So, I pretty much don't eat eggs, because I don't feel so well after I eat them, and because I suspect my nursing daughter gets diaper rashes when I eat eggs. But even though I don't eat eggs, my husband and sons eat eggs, often as a quick supper when I don't have anything ready by the time supper time comes around. Eggs used to be known as a cheap protein, but lately the prices have gone up and up and up. I used to pay 21 cents an egg, and even then they weren't so cheap and I tried to use them sparingly. But lately, they've gone up to 29 cents an egg, and when you use a bunch at a time, like when you make egg based dishes, the cost adds up quickly. But I didn't realize just how much money could be saved by going egg free, or at least minimizing the amounts of eggs you use, until today.
In addition to this blog, and the wild edible plant walks I teach, I have a small side business of making and selling gluten free flours and other foods, such as gluten free fresh pasta. While I usually make my pasta vegan, today I was filling an order for a woman, and I used eggs for it. In the pasta recipe, I ended up using 8 eggs. At 29 cents an egg, I spent $2.32 on eggs alone for the pasta- which definitely cuts into the profit I make!
I was thinking to myself- how much cheaper would this pasta be to make if I used flax seeds, my typical egg replacement?
Instead of the 8 eggs in the recipe, had I used ground flax seeds, I would have needed half a cup of ground flax seeds.
I spend about $1.22 per pound of whole flax seed, which I grind myself in my coffee grinder. Half a cup of ground flax seeds weighs 58 grams, which would bring its total price to 16 cents for all the flax seed needed in the recipe.
16 cents vs $2.32. Hmmm. Big difference. A $2.16 price difference! That's huge!
Ok, I did use a lot of eggs for this recipe. What would the price difference be if I were only using one egg?
Well, there are 8 tablespoons in half a cup, and you need only 1 tablespoon of flax seeds to replace each egg. 1 "flax egg", is 7 grams, and at the price I pay, comes out to be 1.9 cents.
1.9 cents vs 29 cents. Wow.
From a frugal perspective, I hope you can see the value in cutting out eggs, or at least using flax seeds as an egg replacement when it would be reasonable to do so. (You can't use flax seeds to make an angel food cake or in custards- just as a binder.)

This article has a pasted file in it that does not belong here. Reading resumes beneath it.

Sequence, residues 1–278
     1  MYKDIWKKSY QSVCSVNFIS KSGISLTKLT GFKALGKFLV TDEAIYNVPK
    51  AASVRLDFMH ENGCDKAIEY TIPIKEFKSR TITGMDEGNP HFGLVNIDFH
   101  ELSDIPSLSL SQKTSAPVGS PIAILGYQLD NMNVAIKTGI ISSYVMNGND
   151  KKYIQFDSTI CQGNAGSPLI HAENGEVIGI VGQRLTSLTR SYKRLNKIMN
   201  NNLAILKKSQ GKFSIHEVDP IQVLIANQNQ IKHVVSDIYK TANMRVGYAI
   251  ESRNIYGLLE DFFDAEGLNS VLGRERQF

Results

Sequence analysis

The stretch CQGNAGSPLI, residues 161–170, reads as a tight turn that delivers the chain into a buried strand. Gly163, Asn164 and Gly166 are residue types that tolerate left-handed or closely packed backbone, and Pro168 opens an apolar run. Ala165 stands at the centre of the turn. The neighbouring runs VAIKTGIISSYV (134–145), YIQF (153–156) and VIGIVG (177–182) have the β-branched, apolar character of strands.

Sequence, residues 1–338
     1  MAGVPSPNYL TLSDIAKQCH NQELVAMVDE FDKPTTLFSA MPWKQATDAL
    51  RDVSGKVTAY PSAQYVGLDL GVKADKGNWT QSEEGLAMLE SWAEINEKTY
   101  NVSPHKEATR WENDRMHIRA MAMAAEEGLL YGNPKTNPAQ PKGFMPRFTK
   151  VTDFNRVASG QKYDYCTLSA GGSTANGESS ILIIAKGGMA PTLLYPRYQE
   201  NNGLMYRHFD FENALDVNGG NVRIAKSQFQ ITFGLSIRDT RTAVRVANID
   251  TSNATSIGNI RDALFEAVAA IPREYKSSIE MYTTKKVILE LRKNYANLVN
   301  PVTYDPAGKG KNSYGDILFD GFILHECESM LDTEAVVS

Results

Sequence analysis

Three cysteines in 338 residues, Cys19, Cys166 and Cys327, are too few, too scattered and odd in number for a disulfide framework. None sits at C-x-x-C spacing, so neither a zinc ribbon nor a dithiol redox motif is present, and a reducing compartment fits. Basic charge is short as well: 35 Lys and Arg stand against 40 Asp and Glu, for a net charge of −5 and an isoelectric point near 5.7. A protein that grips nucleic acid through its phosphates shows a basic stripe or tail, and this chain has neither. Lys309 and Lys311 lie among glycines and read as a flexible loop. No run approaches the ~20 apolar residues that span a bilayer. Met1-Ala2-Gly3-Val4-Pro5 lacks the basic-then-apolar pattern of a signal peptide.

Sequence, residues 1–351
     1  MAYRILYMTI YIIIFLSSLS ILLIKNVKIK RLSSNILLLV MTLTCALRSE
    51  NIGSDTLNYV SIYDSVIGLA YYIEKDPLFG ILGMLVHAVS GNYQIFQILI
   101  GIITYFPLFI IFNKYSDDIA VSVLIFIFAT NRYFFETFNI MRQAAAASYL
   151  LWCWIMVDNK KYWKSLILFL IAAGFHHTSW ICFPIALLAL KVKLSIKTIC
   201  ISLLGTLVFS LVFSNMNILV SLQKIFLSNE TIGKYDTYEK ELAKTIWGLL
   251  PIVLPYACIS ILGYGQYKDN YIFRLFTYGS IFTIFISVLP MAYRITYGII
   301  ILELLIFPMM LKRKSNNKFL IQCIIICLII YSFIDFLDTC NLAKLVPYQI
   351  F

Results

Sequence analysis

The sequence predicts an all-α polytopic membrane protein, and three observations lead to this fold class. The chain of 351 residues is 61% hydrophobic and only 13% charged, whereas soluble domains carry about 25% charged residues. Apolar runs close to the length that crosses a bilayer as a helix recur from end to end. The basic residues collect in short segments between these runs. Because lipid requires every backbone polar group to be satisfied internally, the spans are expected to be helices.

So, how do you actually use flax seeds as an egg replacement?
The recipe is simple.
1 tablespoon of ground flax seed is mixed with 2 1/2 tablespoons of water.
If you're using something in which you need a nice workable dough, like pasta, use 1 tablespoon ground flax seeds and 2 1/2 tablespoons of boiling water, mix them together well, and let them sit for 10 minutes.
If you're just using it in cakes or cookies or any other recipe in which the texture of the dough isn't as important, you can just dump it all into the recipe, no need to use boiling water, and no need to let it sit for 10 minutes first.
Ways in which you can use flax eggs are cake, cookies, pasta doughs, as a binder for burgers or dumplings or pancakes, etc.
Any recipe that is largely egg based, or involves whipping eggs or separating eggs, or in which the eggs are added for flavor, like custard, or crepes or angel food cake, can't be substituted with flax eggs.
Now there are replacements for eggs even in egg based things- things like chickpea flour, which you can use to make incredible quiches.
Is it worthwhile financially to use chickpea flour to replace eggs in quiches if you have no need to be egg free for health reasons?
Lets compare the two recipes.
Other than fillers, the base of the vegan quiche is
2 1/2 cups chickpea flour
3 cups water
On the other hand, the egg based quiche is
1 1/2 cups milk or non dairy milk
1/4 cup flour
2 1/2 cups of chickpea flour weighs 280 grams.
I grind my own chickpea flour with chickpeas I buy for $1.10 per pound. Total cost for me- 31 cents. The regular chickpea flour that they sell in the store here costs $2.45 per pound, making the total cost for the standard consumer 68 cents.
Now what about the egg recipe?
4 eggs costs $1.16. And then you have the cost of 1 1/2 cups of milk or non dairy milk and 1/4 cup of flour on top of that.
Even discounting the price of the milk and the flour, its 31 or 68 cents for the vegan quiche
versus the $1.16 for the egg based quiche. Substantial price difference, no?
Yes, everyone's exact pricing will be different, because the price of flax or chickpeas or chickpea flour or eggs will vary from place to place, but even so, in most places, using egg replacements in recipes ends up being far cheaper than using eggs.
To figure out the exact price difference, calculate how much you pay per egg and compare that to the price per tablespoon of flax seeds, keeping in mind that each tablespoon weighs 7 grams, or .009 ounces. Alternatively, compare the price of .625 cups or 175 grams of chickpea flour to the price of one eggs.
Yes, nutritionally ground flax seeds and chickpea flour have different nutritional makeup from eggs. But each are nutritional in their own right. But when it comes to frugality, egg replacements beat eggs, hands down.
So, did I convince you yet? Do you use egg replacements in recipes already? Would you be willing to try some out if you don't already? How much do you pay per egg where you live, and per pound of flax seeds or per pound of chickpea flour?